Argentina-based PixelDanc3r’s animated pixel art map of the United States evokes 16-bit console video games of a few decades ago. It isn’t their first rodeo either: see this pixel map of Argentina from last year. [Boing Boing]
This is a map of Antarctic surface ice velocity: the speed at which glaciers flow. It was produced by researchers at the University of California Irvine and the Jet Propulsion Laboratory, using radar interferometry and multiple satellite passes to produce a map 10 times more accurate than previous maps. More: UCI News, Geophysical Research Letters.
This interferogram shows the ground displacement caused by last week’s earthquakes in southern California. Produced by NASA’s Jet Propulsion Laboratory, it’s based on synthetic aperture radar (SAR) images from JAXA’s ALOS-2 satellite taken both before (16 April 2018) and after (8 July 2019) the earthquakes. Each colour cycle represents 12 centimetres (4.8 inches) of ground displacement.
In Monday’s xckd, Randall Munroe points out that when it comes to coordinate precision, there is such a thing as too many decimal places.
Europe is in the middle of a severe heat wave. The European Space Agency has released a map of land temperatures in Europe as of 26 June, produced from the Copernicus Sentinel-3 satellite’s temperature radiometer, “which measures energy radiating from Earth’s surface in nine spectral bands—the map therefore represents temperature of the land surface, not air temperature which is normally used in forecasts. The white areas in the image are where cloud obscured readings of land temperature and the light blue patches are either low temperatures at the top of cloud or snow-covered areas.”
“An Anciente Mappe of Fairyland,” produced by Bernard Sleigh around 1917, is a marvellous conflation of classical myth and fairy tales. Nearly five feet wide, it was apparently designed to hang in nurseries. The echoes of its design elements can still be seen in later fantasy maps and children’s book illustrations, such as E. H. Shepard’s maps of the Hundred Acre Wood and Pauline Baynes’s maps of Narnia, though none of them are this vibrant.
It was making the rounds a month or two back, probably because a copy was being offered for sale: Atlas Obscura, Kottke. High-resolution digital versions are available via the Boston Public Library’s Leventhal Center, the British Library and the Library of Congress; the Leventhal’s reproduction is is much more brightly coloured and in the best shape. The map came with an accompanying booklet.
Previously: The British Library on Fantasy Maps.
By law, I am required to share every xkcd comic about maps. Today’s makes great fun of pop versus soda maps—the maps showing where in the U.S. carbonated beverages are referred to as pop versus where they’re referred to as soda. Randall takes things to their ludicrous extremes, as he is, by law, required to do.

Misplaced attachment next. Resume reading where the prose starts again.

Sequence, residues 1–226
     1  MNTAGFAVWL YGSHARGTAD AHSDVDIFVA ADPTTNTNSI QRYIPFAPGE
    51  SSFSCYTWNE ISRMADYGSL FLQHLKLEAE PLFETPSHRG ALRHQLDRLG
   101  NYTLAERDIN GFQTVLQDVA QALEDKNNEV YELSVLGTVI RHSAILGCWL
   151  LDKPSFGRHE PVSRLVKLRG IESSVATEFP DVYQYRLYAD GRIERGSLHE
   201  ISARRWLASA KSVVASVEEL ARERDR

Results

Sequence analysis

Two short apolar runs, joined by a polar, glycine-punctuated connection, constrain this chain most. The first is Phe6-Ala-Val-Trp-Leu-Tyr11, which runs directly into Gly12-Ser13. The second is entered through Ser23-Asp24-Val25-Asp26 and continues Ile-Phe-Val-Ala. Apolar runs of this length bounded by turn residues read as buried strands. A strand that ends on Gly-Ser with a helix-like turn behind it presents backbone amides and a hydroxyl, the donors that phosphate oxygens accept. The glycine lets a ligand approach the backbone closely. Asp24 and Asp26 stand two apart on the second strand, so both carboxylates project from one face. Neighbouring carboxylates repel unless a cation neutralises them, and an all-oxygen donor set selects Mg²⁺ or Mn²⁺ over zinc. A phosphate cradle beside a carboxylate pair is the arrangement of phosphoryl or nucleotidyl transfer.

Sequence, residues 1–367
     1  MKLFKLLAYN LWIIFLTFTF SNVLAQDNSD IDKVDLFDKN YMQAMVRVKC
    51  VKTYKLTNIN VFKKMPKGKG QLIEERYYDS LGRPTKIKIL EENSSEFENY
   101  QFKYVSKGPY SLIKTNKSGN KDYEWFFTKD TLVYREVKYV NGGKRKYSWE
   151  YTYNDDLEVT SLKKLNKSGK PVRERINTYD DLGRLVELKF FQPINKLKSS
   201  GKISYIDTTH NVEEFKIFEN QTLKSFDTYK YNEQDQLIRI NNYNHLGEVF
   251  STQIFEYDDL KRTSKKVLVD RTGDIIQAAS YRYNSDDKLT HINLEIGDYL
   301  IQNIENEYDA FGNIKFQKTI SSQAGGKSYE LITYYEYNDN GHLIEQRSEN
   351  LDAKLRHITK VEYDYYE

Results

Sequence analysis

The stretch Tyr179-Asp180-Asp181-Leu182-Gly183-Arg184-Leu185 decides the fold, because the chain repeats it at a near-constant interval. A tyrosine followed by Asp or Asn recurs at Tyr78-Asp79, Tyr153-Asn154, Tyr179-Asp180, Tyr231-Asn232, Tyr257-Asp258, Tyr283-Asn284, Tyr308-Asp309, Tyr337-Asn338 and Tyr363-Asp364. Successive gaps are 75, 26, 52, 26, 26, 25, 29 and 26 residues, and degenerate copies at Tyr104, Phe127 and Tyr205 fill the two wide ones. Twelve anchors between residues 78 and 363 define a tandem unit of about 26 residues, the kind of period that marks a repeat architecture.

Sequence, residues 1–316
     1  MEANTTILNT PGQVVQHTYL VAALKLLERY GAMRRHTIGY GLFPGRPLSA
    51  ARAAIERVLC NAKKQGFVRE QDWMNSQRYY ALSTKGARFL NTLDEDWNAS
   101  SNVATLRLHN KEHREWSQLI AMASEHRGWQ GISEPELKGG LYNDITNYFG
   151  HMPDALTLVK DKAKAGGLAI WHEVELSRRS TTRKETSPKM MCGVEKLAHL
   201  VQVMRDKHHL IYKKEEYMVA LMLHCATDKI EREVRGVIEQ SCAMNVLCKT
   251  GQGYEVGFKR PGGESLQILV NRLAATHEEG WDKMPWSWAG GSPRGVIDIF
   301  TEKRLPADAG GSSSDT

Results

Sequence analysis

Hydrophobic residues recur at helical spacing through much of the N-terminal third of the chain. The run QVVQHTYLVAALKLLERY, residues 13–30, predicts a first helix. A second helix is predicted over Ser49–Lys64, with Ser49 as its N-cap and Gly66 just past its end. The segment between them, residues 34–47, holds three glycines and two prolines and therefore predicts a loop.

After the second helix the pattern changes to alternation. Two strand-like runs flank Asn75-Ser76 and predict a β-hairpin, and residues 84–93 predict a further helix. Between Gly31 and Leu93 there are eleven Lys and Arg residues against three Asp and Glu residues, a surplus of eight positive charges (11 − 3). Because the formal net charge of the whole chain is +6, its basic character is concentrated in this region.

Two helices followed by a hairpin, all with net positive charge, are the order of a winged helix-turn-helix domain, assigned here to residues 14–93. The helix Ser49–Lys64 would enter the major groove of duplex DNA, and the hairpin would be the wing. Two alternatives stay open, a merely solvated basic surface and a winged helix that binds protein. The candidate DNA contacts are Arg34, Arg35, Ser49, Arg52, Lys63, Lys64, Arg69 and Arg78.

Everything under the sun can be expressed as a Tube map. Including, as blogger Camestros Felapton demonstrates above, Ursula K. Le Guin’s Earthsea books. A glance at the original and official maps of Earthsea reveals that world as an intricate, almost overwhelming archipelago: Camestros’s map, like all good transit diagrams, expresses the books as journeys between points.
Last Friday’s xkcd suggests that the Mercator projection’s reputation can be used to convince anyone of any false geographical fact.
Not that I’d suggest you do that, mind. No.
Londonist’s Fake Britain map: “We’ve put together a map of fictional locations from film, TV, literature and other sources. Take a look around this alternative nation and see how many places you recognise. From Judge Dredd to Vanity Fair, it’s all here.
“The vast majority of entries are well defined geographically. Some—such as Beanotown and Blackadder’s Dunny on the Wold—are a little more nebulous, but we’ve added them for fun. Hogwarts is an unmappable location (unless it’s a Marauder’s Map you’re looking at), but we’ve had a go anyway.”
They’re looking for additions and corrections to the map: this is a work in progress. [Scarfolk]
The latest cartoon from Itchy Feet, a comic about travel and language by filmmaker Malachi Rempen, is a “Map of Every European City.” In the comments, the cartoonist says, “Having been to every single European city, I can safely say with confidence that they all look exactly like this.” I don’t think he’s wrong.
The dots don’t represent anything in particular, nor is their number and placement indicative of any kind of data. But when you’re looking at them, all spread out on a map of the United States like that—it’s hard not to be a little blown away.
Seven hundred of them. Seven hundred dots. That’s more than 500 dots—well on the way to 1,000. That could represent 700 people, or crime scenes, or cities. Or something that happens in this country every 20 seconds. These dots could potentially be anything—they’re red dots, so they could definitely mean something bad.
Whatever they might be, there’s no unseeing these dots.